Using an animal model of type 1 diabetes to identify biomarkers of pre-symptomatic disease and treatment efficacy

Lead Research Organisation: University of Cambridge
Department Name: Pathology


In type 1 diabetes the immune system of an individual selectively destroys the cells in the body that secrete insulin, a hormone which is essential for maintaining glucose levels in the body. This autoimmune process can be going on for several years before sufficient insulin producing cells have been killed to make the person clinically ill. If you could detect those people who were suffering from such an autoimmune condition before they became clinically ill it would be possible to intervene therapeutically to prevent further loss of these very important cells. Such an early intervention would mean that there would be no need to have daily insulin injections and would prevent the development of diabetic complications. Therefore if biomarkers could be detected in blood samples this would represent a significant advance towards a better treatment for type 1 diabetes.

Technical Summary

Type 1 diabetes arises as a result of autoimmune destruction of the pancreatic beta cells. It is known that the autoreactive destruction of the beta cells may have been occurring for years before diabetes onset. It would be advantageous to be able to fully identify susceptible individuals and intervene with a tolerogenic protocol before irrevocable beta cell destruction occurs. We propose to use the established NOD mouse model of type 1 diabetes, and specific interventions currently being examined in the Cooke laboratory, to identify biomarkers of underlying pathological processes at the pre-symptomatic stage of the disease. We will determine whether the biomarkers we identify provide a) accurate markers of predisposition to develop diabetes and b) can be used to monitor the success of therapeutic intervention. This would represent a considerable advance in the potential treatment of type 1 diabetes.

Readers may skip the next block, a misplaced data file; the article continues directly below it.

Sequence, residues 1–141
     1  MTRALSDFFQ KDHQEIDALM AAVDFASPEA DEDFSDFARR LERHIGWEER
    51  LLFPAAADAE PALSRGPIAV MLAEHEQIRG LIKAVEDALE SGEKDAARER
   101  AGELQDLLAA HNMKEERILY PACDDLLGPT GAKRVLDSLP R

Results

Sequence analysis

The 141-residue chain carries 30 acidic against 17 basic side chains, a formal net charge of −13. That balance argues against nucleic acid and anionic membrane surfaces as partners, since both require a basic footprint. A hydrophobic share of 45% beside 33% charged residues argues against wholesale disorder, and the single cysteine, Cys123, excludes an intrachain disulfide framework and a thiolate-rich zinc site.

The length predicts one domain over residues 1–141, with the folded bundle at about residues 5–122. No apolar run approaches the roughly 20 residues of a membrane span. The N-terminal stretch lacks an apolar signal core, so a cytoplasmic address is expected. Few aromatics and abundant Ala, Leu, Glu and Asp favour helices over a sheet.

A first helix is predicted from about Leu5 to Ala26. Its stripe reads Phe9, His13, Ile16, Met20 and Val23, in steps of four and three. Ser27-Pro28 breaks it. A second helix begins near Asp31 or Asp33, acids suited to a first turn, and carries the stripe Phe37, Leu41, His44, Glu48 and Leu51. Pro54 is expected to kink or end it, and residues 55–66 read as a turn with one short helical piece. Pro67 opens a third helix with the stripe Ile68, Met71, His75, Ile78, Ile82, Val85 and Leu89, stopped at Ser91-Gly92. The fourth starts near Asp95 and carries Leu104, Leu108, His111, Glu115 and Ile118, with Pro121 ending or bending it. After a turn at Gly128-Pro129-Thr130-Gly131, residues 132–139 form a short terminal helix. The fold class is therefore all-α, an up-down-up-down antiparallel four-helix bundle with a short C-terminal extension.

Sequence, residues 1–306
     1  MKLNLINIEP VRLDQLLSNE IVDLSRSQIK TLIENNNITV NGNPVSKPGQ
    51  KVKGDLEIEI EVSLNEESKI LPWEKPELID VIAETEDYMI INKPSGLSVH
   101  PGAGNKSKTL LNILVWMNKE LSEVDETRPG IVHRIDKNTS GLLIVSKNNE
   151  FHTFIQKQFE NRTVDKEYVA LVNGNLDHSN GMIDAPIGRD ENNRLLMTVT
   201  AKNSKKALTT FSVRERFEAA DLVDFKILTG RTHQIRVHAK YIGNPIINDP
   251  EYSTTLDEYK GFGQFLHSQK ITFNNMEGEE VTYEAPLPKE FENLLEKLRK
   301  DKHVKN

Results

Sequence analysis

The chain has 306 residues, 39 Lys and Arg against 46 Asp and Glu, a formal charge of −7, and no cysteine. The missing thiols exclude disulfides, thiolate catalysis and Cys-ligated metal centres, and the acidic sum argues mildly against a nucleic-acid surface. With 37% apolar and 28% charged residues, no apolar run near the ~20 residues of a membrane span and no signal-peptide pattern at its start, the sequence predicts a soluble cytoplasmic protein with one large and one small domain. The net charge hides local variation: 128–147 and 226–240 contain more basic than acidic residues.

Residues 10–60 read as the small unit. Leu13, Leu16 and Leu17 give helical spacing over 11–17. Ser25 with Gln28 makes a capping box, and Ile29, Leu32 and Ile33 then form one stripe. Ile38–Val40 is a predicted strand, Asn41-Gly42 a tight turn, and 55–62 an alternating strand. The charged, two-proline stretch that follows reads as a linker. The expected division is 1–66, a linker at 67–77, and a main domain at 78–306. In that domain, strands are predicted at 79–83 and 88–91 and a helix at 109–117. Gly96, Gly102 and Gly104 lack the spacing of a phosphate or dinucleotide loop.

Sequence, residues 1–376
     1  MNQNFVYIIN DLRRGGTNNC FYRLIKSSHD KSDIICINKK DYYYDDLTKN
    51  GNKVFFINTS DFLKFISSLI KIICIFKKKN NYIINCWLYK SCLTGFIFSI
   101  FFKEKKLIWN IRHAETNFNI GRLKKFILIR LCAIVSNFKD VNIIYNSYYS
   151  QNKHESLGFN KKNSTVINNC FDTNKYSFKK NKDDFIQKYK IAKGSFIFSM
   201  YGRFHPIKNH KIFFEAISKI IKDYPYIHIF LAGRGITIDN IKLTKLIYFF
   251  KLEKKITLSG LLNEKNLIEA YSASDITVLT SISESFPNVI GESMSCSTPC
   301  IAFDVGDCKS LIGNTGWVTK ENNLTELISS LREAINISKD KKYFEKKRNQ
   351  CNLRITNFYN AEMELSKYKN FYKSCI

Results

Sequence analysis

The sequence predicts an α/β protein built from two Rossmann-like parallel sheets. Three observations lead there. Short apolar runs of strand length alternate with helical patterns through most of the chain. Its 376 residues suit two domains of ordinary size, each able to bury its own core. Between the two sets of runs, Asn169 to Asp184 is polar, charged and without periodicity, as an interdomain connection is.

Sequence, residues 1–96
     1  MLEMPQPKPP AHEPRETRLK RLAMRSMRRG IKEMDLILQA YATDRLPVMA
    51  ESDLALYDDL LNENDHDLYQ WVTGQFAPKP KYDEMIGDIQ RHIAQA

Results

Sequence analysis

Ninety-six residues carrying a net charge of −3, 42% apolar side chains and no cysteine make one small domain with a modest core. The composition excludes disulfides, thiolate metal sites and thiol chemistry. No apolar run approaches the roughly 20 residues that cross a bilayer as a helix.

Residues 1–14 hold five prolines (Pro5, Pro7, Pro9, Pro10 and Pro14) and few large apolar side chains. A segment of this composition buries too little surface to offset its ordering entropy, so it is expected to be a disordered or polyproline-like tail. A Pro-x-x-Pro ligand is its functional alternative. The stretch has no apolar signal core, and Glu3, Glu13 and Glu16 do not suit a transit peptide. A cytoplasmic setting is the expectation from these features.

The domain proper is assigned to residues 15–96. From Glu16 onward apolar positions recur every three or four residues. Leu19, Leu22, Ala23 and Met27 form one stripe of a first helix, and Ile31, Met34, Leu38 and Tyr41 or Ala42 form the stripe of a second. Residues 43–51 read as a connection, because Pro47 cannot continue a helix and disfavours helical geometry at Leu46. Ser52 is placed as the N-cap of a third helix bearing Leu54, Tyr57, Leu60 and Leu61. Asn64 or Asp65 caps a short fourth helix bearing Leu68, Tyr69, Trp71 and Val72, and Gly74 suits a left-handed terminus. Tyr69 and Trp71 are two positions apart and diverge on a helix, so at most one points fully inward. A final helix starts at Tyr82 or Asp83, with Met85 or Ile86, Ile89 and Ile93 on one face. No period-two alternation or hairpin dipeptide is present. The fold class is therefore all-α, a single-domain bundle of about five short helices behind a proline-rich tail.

Description Biomarkers and Type 1 diabetes 
Organisation University of Cambridge
Department Department of Biochemistry
Country United Kingdom 
Sector Academic/University 
PI Contribution We supply the material from diabetes protected NOD mice for biomarker analysis.
Collaborator Contribution Dr Griffin and I have an MRC project grant to study biomarkers associated with Type 1 diabetes
Impact None so far apart from meeting abstracts.
Start Year 2009
Description Mevalonate pathway in inflammation with Kings College London Department of Rheumatology 
Organisation King's College London
Department Department of Academic Rheumatology
Country United Kingdom 
Sector Academic/University 
PI Contribution This is currently being set up but will involve metabolomics
Collaborator Contribution This is currently being set up but will involve supply ofpatient material
Impact Biomarker discovery for arthritic disease
Start Year 2014
Description 2nd Metabolomics Sardinian Scientific School 
Form Of Engagement Activity Participation in an activity, workshop or similar
Part Of Official Scheme? No
Geographic Reach International
Primary Audience Postgraduate students
Results and Impact 2nd Metabolomics Sardinian Scientific School was aimed at post-grad students new to the field of metabolomics. We gave seminars and workshops in various tools and techniques in metabolomics.
Year(s) Of Engagement Activity 2016